Sugar sugar sugar – since time began and humans found sugar in nature in the form of fruit, it’s been an obsession. Put simply sugar tastes great and makes you feel good. Often it tastes nice and it gives you that needed boost of energy when you are feeling a little tired. A perfect recipe to keep you going but unfortunately if consumed consistently over time is likely to affect your waistline.
Modern life is set up to service our sugar fixes. We are constantly marketed to on television, billboards, the internet – you name it, most advertising mediums you will find “Have a break, Have a Kit Kat” or some other feel good slogan that tells you your rewarding yourself with pleasure.
Before we get into the big debate about the pro and cons of sugar, let’s examine some facts:
Types of Sugar: Sucrose, Fructose and Glucose
These three are important carbohydrates, commonly known as simple sugars. Sugar is found naturally in whole foods and is often processed to improve the flavour of foods (often in low fat processed foods which should read low in fat, high in sugar). Your taste buds cannot distinguish between them but your body can. They all provide the same amount of energy but are PROCESSED and STORED differently in the body.
This is the body’s preferred energy source. Glucose is also called blood sugar as it circulated in the blood. The body processes most carbohydrate into glucose, either to be stored in the muscles or the liver for later use. Insulin is secreted to control the levels of glucose in your blood and facilitates the entry of glucose into cells. Excess glucose is converted into fat.
This is the sugar found naturally in fruit and vegetables and is added to various drinks as soda and fruit-flavoured drinks. However, it is VERY different to other sugars (like glucose). Fructose is only metabolised in the liver (not muscles of the brain). It is more lipogenic or FAT-PRODUCING than glucose. Unlike glucose, it does not cause insulin to be released to stimulate the production of leptin (a key hormone for regulating intake and expenditure). If you do not eat regularly enough your body can initiate the leptin response (if it thinks it is starving) and will actually store all food as fat!
This is commonly known as table sugar. It is made up of fructose and glucose. When consumed an enzyme splits the sucrose into fructose and glucose. The sugars are then synthesised in the same ways a described above.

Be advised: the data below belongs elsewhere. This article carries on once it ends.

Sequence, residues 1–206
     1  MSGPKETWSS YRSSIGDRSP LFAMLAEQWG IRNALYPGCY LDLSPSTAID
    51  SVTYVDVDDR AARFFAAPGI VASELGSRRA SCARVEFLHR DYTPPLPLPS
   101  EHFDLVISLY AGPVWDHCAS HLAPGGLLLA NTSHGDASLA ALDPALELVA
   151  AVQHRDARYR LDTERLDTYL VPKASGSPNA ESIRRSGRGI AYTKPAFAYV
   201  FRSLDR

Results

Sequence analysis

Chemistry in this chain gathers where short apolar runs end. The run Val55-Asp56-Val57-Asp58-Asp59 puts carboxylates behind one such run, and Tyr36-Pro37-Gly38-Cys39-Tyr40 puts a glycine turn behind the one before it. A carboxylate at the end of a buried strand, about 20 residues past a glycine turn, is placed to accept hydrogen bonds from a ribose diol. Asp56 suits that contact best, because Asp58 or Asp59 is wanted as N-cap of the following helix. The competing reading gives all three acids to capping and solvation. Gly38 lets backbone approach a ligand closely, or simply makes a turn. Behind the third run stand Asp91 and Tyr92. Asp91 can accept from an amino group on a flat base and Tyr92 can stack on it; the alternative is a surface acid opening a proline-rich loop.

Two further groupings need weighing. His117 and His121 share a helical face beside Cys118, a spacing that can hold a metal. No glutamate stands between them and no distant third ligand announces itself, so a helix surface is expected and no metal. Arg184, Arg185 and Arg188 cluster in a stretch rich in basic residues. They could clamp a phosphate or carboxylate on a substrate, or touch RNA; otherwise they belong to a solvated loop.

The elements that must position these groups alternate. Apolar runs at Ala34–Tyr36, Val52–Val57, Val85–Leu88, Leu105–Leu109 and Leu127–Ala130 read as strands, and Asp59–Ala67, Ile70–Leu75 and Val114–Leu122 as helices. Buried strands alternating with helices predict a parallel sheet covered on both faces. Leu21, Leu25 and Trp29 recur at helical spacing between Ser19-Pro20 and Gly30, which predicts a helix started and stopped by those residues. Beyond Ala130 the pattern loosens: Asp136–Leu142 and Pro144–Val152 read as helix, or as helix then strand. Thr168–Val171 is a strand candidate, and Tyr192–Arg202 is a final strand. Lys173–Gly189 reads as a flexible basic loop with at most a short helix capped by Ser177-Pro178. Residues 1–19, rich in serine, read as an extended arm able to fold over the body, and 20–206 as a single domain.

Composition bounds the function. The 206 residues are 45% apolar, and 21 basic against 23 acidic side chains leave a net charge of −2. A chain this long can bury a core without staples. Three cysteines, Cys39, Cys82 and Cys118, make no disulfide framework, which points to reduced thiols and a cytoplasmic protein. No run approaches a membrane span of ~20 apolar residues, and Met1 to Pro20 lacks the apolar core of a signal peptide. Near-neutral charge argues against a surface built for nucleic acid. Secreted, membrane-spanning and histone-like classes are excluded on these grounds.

Ok now that’s the heavy info over. Back to the sugar addiction debate…..
What is it about Sugar that is so addictive?
Firstly, it gives you an energy boost when your blood sugar drops. But as sugar is high on the Glycaemic Index it means the effect burns off quickly and you drop back down low again. So to prevent this from happening you should try to eat 3 meals and 3 snacks evenly spaced throughout the day – with each meal having some protein as it keeps you fuller for longer.
Secondly, the neural pathways that control food are the same as those for substance abuse. That is why it can be very easy to continue eating something tasty. For example one or two jaffa cakes can lead to the entire box or a couple of scoops of ice cream.
There has been recent research (Horizon programme Feb 2014) that suggests the most addictive combination for humans (and rats) is ½ sugar 1/2 fat. This combination is found in processed foods like donuts, cheesecake, ice cream. The especially guilty pleasure things that we treat ourselves to.
How do you reduce your sugar consumption?
- Learn to understand what the sources of sugar are. The best way to do this is to record what you eat and enter into Myfitnesspal. This tool will not only tell you total number of calories but it will tell you the sugar content of the food
- Processed foods and ready meals often have added sugar to improve the taste whilst advertising the product as “Low in fat”. The label should read “Low in fat, High in sugar”.
- Yoghurt’s are another potential source of sugar that is often overlooked. Again advertised as no fat they can often have high amounts of sugar
- Sauces and condiments (ketchup, mustard) often have a lot of added sugar to improve taste
- Know the names of sugar. There are literally hundreds of names for sugar. Food manufacturers are clever often spitting up the types of sugar into 5-6 different names (some that you might not recognise) to appear to reduce the sugar content. You will find an extensive list of these names on MyFitnessPal.
Sugar in itself is not the route of all evil and food addiction. It’s a necessary part of our diet. The same adage applies to sugar as all the other food groups. Eat a balanced varied diet with at least 5 portions of fruit and veg a day – it’s better to aim for 7 veg and 2-3 fruit. If you eat meat try to ensure the source is grass fed organic meat and avoid processed foods at all costs. Informed nutritional choices will allow effective weight management over the longer term. In order to bend the rules you must understand them first – this especially applies to sugar consumption.
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